“The medico-legal pitfall is to put a patient in a normal ward and hope they’re OK. They’re often discovered dead the next day,” he warned. Neurotoxicity was, “sneaky; it’s sometimes not fully developed in the beginning. If you see fang marks you should admit kids for at least 24 hours. With adults if there are no symptoms after 12 hours, then they probably won’t develop,” he said.

Engelbrecht echoed the advice of top South African herpetologists, who recommend high doses of anti-venom once the bite is correctly classified.

A one-time medical snakebite adviser to the SAVP, Dr Darryl Wood, of Ngwelezana Tertiary Hospital in Empangeni, probably the country’s leading snakebite referral centre and top snake ‘’hotspot’’ region, has compiled a national snakebite treatment guideline. Wood saw an average of 2-300 snakebite victims annually. Most of them were victims of either the nocturnal Mozambican Spitting Cobra or Puff Adder, both of them predominantly cytotoxic (tissue-destroying poison).

Wood followed in the footsteps of respected herpetologist and medical doctor, the late Dr Roger Blaylock (a Zimbabwean medical doctor who worked at the nearby Eshowe Hospital) and based his PhD on an analysis of snake bite data in KwaZulu-Natal. He is head of the Emergency Medicine Department at Ngwelezana Hospital.

Wood’s biggest take-home message to anyone involved with a snake bite is to get the victim to a hospital as soon as possible; “please, no tourniquets, sucking, burning, or electrocuting of wounds, or visits to traditional healers. Only a herpetologist who knows he’s been bitten by a mamba or similar neurotoxic snake will know how to apply a tourniquet. If you try this with a puff adder or other cytotoxic bite you will destroy that limb’’.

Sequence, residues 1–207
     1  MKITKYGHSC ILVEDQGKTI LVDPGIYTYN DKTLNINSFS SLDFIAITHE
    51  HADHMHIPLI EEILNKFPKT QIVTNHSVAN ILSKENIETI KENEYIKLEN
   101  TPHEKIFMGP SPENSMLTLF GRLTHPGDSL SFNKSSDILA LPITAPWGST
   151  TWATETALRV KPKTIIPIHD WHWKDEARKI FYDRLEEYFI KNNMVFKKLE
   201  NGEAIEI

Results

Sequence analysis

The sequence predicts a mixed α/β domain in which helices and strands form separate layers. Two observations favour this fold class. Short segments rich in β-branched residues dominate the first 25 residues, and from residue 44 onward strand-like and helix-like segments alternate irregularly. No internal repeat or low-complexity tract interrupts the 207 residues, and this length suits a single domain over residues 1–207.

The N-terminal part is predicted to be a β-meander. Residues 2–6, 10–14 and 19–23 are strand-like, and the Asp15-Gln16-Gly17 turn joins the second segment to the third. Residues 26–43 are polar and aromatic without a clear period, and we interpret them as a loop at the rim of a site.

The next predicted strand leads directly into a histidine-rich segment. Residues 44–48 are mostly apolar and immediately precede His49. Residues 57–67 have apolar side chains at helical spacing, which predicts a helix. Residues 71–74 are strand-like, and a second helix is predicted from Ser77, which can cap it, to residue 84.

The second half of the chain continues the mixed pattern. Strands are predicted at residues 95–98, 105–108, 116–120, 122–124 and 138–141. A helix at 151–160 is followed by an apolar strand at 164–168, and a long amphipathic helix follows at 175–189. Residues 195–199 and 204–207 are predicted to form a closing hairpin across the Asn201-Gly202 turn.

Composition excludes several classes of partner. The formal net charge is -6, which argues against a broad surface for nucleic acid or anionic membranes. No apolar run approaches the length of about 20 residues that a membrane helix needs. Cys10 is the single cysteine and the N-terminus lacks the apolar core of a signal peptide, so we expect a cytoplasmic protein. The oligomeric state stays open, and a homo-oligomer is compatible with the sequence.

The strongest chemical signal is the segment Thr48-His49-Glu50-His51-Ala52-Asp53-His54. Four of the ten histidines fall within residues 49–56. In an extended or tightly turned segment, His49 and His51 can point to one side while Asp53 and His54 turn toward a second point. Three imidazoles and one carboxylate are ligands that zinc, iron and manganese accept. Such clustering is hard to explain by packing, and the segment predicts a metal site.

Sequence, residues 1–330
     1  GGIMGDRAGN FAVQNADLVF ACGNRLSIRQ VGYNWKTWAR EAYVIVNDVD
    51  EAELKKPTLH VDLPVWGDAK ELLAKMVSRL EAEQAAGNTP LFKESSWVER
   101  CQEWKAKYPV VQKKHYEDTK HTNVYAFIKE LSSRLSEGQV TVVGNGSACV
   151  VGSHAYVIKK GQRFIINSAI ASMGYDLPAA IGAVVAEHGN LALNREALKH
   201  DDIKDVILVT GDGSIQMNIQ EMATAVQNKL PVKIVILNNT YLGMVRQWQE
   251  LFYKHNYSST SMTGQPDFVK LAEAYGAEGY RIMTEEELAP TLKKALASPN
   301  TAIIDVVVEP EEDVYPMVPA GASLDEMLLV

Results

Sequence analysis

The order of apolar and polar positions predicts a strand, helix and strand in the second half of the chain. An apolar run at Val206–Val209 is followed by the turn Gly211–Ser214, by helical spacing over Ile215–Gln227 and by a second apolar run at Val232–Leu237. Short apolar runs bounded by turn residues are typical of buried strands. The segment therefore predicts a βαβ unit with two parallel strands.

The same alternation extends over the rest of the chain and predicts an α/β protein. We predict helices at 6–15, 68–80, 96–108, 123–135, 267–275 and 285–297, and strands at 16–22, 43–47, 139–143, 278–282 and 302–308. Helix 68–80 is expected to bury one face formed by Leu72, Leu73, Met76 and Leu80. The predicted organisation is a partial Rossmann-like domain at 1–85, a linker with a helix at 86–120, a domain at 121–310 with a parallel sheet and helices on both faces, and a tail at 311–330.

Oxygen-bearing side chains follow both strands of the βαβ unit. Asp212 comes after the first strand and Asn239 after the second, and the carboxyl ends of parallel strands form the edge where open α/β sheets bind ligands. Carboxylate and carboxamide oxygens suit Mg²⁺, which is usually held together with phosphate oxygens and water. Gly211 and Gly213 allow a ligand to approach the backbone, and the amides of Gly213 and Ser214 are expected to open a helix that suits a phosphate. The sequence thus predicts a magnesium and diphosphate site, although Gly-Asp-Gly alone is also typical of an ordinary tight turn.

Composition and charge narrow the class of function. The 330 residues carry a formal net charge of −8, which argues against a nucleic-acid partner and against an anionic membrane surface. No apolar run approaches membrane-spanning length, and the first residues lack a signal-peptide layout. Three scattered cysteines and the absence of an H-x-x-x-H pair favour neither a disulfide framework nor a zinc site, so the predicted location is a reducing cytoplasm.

Wood said immobilising and elevating the affected limb to the level of the heart, providing pain relief, and getting the patient to the hospital were top priorities.

“Don’t do all kinds of weird and wonderful things. If you can positively ID the snake great, but we follow the syndromic approach and find species-identification notoriously unreliable,’ he added.

He said many doctors made the mistake of injecting just 2-3 vials of anti-venom and labelled this ‘’homeopathic’’.

“We start with about five vials, see how the patient is responding and then give another five – it’s an active dynamic process’’. He stressed that the risk of an anaphylactic reaction to the anti-venom stood at 30-40% with children generally presenting with more severe symptoms and a posing a higher anaphylactic risk.

“The appropriate use of anti-venom is where we’re at on the research barrier at present – when you do use it, you have to give enough. The decision to give anti-venom is a very difficult one, especially with swelling. We’ve published a scoring system as part of the guidelines,” he said.

Engelbrecht and Marshal encouraged doctors to network, consult the national snake bite advisory group, the African Snakebite Institute, or the Tygerberg Poison Centre in Cape Town.

Engelbrecht said every referral hospital should ensure they had enough useable antivenom stocks – which had a two-to-three-year shelf life.

Hospital Snakebite Management – presentation by Professor Andreas Engelbrecht